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Introducing the Creative Industries ... Introducing the Creative Industries From Theory to Practice Rosamund Davies and Gauti Sigthorsson 00-Davies and singthorsson_Prelims.indd 3

Jul 07, 2020

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  • Introducing the Creative Industries

    From Theory to Practice

    Rosamund Davies and Gauti Sigthorsson

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  • 6 Creative Producers and

    Products

    What is it that people working in the creative industries make – or create? First, we must remember that not all productive labour creates tangible physical artefacts that we can touch, hear, see or taste. The designer Jonathan Sands offers a succinct definition of what a job in the creative industries entails: “At the end of the working day, there should be something there that didn’t exist when you arrived in the morning” (Wright et al. 2009: 79). This new something can be an individual creative expression of some kind, but it can also take the form of a more complex, collaborative effort that takes a long time to create (e.g., a film or a computer game), as we will see in Chapter 7, or it might be an experience of some kind, or a creative service that someone performs.

    CREATIVE GOODS AND SERVICES: TANGIBLE AND INTANGIBLE

    There are different ways of defining and understanding both what the creative indus- tries make and who can be said to work in the creative industries. It’s important to note that these taxonomies are not fixed in stone – they are attempts to better under- stand an economic sector that is constantly undergoing change and development. New technologies, trends, fashions and businesses come along all the time, making the creative industries an evasive object of study.

    There exists a great diversity of creative and cultural activities that can be gathered under the broad umbrella of the creative industries. This is a challenge for govern- ments, policymakers and international organizations such as the United Nations. It is important to understand that the professions and products of the creative indus- tries are not simply luxuries of the rich, developed economies of the world; quite the reverse, they are an important area of economic development across the world, as we have already seen in Chapter 1. This great variety is one reason why the UK’s National

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  • 126 Introducing the Creative Industries

    Endowment for the Sciences, Technology and the Arts (NESTA) has suggested a taxonomy for the kinds of work performed within the creative industries. Instead of looking at the end-products (e.g., a film, a guided tour), we follow NESTA in divid- ing the creative industries into four different styles or ways of pursuing creativity (NESTA 2006: 54–55): creative originals producers; creative content producers; creative experience producers; and creative service producers.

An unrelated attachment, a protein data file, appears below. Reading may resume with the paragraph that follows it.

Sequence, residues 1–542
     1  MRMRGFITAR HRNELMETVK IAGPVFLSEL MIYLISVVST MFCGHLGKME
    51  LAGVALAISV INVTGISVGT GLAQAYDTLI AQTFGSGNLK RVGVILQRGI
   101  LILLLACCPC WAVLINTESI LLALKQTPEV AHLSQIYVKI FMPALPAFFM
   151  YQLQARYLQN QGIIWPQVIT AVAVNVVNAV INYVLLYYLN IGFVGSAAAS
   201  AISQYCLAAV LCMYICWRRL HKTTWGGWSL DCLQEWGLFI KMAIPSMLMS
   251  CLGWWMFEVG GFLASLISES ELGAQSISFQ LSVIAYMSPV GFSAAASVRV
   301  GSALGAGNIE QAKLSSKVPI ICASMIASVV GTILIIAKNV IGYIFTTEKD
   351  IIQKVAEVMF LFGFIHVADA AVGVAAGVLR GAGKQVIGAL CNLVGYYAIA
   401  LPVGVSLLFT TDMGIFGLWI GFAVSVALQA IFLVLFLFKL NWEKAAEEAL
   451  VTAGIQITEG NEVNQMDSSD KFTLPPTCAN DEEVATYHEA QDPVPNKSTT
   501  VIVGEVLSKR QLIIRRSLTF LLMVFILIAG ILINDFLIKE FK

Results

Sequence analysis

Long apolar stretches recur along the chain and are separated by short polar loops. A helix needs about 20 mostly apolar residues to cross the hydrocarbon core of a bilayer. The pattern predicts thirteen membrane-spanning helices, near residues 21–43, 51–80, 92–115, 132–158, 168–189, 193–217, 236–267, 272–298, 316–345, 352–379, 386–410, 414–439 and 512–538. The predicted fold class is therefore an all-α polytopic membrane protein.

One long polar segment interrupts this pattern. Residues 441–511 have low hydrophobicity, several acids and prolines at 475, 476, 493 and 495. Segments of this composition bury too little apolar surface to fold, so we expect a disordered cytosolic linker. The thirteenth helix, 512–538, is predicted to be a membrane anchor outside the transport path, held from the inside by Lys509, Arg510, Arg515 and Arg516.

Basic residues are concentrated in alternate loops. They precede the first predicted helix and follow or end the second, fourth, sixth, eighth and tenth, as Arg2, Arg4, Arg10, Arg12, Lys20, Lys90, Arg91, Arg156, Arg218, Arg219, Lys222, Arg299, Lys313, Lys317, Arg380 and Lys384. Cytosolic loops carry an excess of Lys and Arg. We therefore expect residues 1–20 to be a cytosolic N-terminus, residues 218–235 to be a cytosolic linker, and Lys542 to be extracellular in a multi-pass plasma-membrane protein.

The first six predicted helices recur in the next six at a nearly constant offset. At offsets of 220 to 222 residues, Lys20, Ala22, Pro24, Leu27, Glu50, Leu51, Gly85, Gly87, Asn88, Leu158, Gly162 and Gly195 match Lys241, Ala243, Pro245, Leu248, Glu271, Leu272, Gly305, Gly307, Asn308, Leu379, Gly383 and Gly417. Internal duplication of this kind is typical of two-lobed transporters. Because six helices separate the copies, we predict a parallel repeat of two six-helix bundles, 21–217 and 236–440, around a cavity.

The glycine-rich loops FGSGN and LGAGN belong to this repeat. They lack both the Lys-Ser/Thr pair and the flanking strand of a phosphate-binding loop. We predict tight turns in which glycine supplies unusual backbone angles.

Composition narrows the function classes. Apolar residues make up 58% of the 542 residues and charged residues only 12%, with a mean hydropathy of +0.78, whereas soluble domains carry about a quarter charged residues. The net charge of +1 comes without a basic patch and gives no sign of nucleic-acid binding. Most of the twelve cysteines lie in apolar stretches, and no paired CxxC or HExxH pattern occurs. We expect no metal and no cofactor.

CREATIVE ORIGINALS PRODUCERS

    In this category we find anyone who creates, makes or trades in original, rare and unique objects: “Producers of creative originals typically include crafts makers, visual artists and designer-makers (for example, of clothing).” The work of creative originals producers is valuable because others see it as having creative or cultural value – it is exclusive and authentic. These are small-scale productions, one-offs or limited pro- duction runs – making them is the work of artists or artisans.

    Creating a designer fashion collection

    Christopher and Hannah run a small, independent fashion label based in the East End of London. They produce two collections a year – spring/summer and autumn/ winter – doing the patterns and designs themselves, while outsourcing the manufac- turing. They design women’s clothing, positioned in “the upper end of the contempo- rary market”.

    Christopher doesn’t know exactly who buys the clothing that his company makes because his company does not retail the clothes directly. He imagines their typical client as a professional, someone who appreciates design and is willing to invest in a distinctive item: “The girl who would buy our clothes is probably someone working in the creative industries or in an office, and it’s a piece that she would save up a little to buy, but definitely not the very rich... well maybe. This is tricky, figuring out our brand positioning, because stores buy our clothes and [because] we’re not doing direct retail ourselves we don’t get to meet the customers. We get some feedback about who it is that buys – like Rhianna has bought pieces, some pop stars, some actors, and then it’s all the way down to the girls who would save up to buy something special that they’ve seen on a blog somewhere” (Christopher, 2012).